Exercise 2: Online Safety and Privacy

How important is privacy? Some people are very open about sharing ideas, pictures, and information with people they know. As users, we expect shopping websites to be personalized to our tastes, yet are sometimes unaware what data is being tracked and shared. Watch this TED video on behavioral tracking called “Tracking the Trackers” by privacy advocate Gary Kovacs. While I encourage you to watch the whole video, at 2 minutes in, behavioral tracking is explained in disturbing detail.

 

Now that I have your attention, let’s look at the tools we do have to protect our online privacy and safety.

Passwords and Protection

Passwords can be challenging for a lot of our customers. New computer users may not understand why passwords need to be a complex series of letters, numbers, and symbols. They may even try to share their passwords with us!

Here’s some good reasons to make passwords complex and private

1) passwords are harder to guess or hack.

2) since personal data is increasingly online, it’s very important to keep it private and secure.

What is Phishing?

Phishing is the activity of defrauding an account holder of financial information (or other sensitive data) by posing as a legitimate company. Phishing can happen in email, by text, or other communications. It could even be a website posing as the legitimate one. An example would be if I send you an email posing as Bank of America and was asking for you to respond to the email with your account information because your bank account was compromised.

It pays to have a critical eye when reviewing emails, and to hover (not click) on any links outside of the email. Don’t open attachments you don’t expect, or respond with personal data. If you have any questions, you should verify the email by calling or contacting the company separately to see if the email is legitimate. If it is not, you should report it. You can read more about phishing scams and report them through Fraud.org: http://www.fraud.org/scams/internet-fraud/phishing

How to clear browser history/cache

Along with protecting your accounts with stronger passwords and making sure that those who contact you are legitimate, it can be very important to delete your browser history. Because many sites use cookies or behavioral tracking (as we’ve seen in the TED video above) you should always log out of any website accounts and clear your cache of visited websites.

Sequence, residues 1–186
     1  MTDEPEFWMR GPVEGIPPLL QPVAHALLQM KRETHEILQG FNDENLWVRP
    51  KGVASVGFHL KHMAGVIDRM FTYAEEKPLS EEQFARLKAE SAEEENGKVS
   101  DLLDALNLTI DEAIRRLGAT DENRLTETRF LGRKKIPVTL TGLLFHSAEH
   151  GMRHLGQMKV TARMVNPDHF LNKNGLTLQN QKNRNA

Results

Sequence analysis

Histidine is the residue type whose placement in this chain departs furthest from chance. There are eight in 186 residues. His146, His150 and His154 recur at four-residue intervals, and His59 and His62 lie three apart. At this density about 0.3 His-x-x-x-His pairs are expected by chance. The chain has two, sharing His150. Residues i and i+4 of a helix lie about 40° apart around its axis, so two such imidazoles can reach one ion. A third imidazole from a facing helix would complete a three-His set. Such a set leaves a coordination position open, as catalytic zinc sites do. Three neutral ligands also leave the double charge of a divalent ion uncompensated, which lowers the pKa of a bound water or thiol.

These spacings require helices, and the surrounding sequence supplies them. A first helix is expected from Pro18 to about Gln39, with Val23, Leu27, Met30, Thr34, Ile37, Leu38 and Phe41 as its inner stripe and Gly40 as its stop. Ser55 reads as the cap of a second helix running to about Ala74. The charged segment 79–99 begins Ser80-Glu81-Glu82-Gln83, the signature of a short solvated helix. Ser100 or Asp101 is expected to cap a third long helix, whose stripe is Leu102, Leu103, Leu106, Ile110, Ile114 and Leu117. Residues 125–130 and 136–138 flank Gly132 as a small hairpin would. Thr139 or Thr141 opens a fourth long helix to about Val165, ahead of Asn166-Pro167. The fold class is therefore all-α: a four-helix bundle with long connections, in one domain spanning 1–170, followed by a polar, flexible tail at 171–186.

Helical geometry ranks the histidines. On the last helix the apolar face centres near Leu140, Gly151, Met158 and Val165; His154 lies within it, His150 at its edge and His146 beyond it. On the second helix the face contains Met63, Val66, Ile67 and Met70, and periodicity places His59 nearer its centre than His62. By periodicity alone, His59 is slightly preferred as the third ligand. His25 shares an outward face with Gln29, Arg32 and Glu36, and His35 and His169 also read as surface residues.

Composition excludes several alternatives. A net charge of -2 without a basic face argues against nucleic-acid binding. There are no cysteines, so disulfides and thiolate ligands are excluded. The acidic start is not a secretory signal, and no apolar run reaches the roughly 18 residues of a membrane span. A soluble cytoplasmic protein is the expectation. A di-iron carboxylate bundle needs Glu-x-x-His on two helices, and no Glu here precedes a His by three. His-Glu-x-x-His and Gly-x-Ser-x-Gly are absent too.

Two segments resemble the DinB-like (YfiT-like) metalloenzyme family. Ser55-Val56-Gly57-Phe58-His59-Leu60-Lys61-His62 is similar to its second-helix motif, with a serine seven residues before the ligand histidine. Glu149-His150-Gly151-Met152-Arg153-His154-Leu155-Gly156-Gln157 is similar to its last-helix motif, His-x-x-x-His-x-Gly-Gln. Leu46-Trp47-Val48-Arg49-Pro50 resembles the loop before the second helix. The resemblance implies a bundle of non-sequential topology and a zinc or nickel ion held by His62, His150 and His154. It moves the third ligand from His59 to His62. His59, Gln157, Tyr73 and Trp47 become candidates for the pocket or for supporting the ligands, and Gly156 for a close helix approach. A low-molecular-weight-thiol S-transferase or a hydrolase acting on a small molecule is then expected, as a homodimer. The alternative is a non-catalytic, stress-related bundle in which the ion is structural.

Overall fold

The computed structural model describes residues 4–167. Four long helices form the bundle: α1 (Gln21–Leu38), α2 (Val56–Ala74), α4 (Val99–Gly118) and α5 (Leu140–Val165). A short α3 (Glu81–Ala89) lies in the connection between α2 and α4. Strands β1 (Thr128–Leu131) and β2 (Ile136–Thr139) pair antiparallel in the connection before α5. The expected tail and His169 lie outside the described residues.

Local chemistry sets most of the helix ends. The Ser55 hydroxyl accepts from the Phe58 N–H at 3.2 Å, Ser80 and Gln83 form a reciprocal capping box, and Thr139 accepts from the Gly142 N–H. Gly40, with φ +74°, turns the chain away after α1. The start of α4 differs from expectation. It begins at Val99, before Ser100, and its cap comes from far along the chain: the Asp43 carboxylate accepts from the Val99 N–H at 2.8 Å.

In Internet Explorer, click on the gear symbol then go to Internet Options to clear browser history.

In Chrome, you can clear your browser history by doing the following steps: click on the 3 bar menu, then Clear History or go to Settings – > Show Advanced Settings – > Clear Browsing Data.

This is especially important since our patron and staff computers are shared, and patron may “time out” before they can log out of all accounts and close the browser.

Make sure patrons delete documents off desktop/ delete recycle bin

While we’re talking about sharing, patrons saving documents to the desktop should always be shown how to drag their documents from the desktop to the recycling bin, then empty the recycling bin from there. Be aware it’s permanent (which for our patrons is a good thing on a shared PC).

file

 

Security and War Games

And just for wow factor, here’s what a live worldwide map of internet attacks and server protections looks like. Norse maintains the world’s largest threat intelligence network, gathering data on attackers and what they’re after. http://map.norsecorp.com/

 

Challenge

 

 

 

Please name this blog entry: Lesson 2  Challenge 

Pick one customer service question and write 1-2 paragraphs in your blog about what actions you would take.

  • A customer comes up to you and says they think their Facebook account was hacked, but they’re not sure.
  • A customer shows you a “too good to be true” email about getting free money from Nigeria, and asks you to help them seal the deal with their banking information.
  • A customer accuses the library of spying on them, because they have observed something “unusual” on their PC.

What would you do?

Bonus Video: Online Privacy: How Did We Get There?

 

"STOP"- Please complete this challenge.

“STOP”- Please complete this challenge. Lesson 3 will post next week.

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4 comments on “Exercise 2: Online Safety and Privacy
  1. ramonalucius says:

    “8 hours a day online.” One has to wonder where that time is coming from: schoolwork? face-to-face socialization? family time?

  2. carmenernst says:

    All I can say is ” We are not alone”. We have to be so careful on who, when and why we are
    connecting. Be cautious!! You can be hacked, slammed, stalked and it only takes a key stroke.

  3. S says:

    A quick tip for clearing your browsing history: press the Cntrl, Shift, and Delete keys at the same time when in your choice of browser, and it will bring up the option to clear your history. This works in Internet Explorer, Chrome, and Firefox.

  4. irene scharf says:

    Remember even if you clear your browsing history, it still lurks in your computer somewhere.

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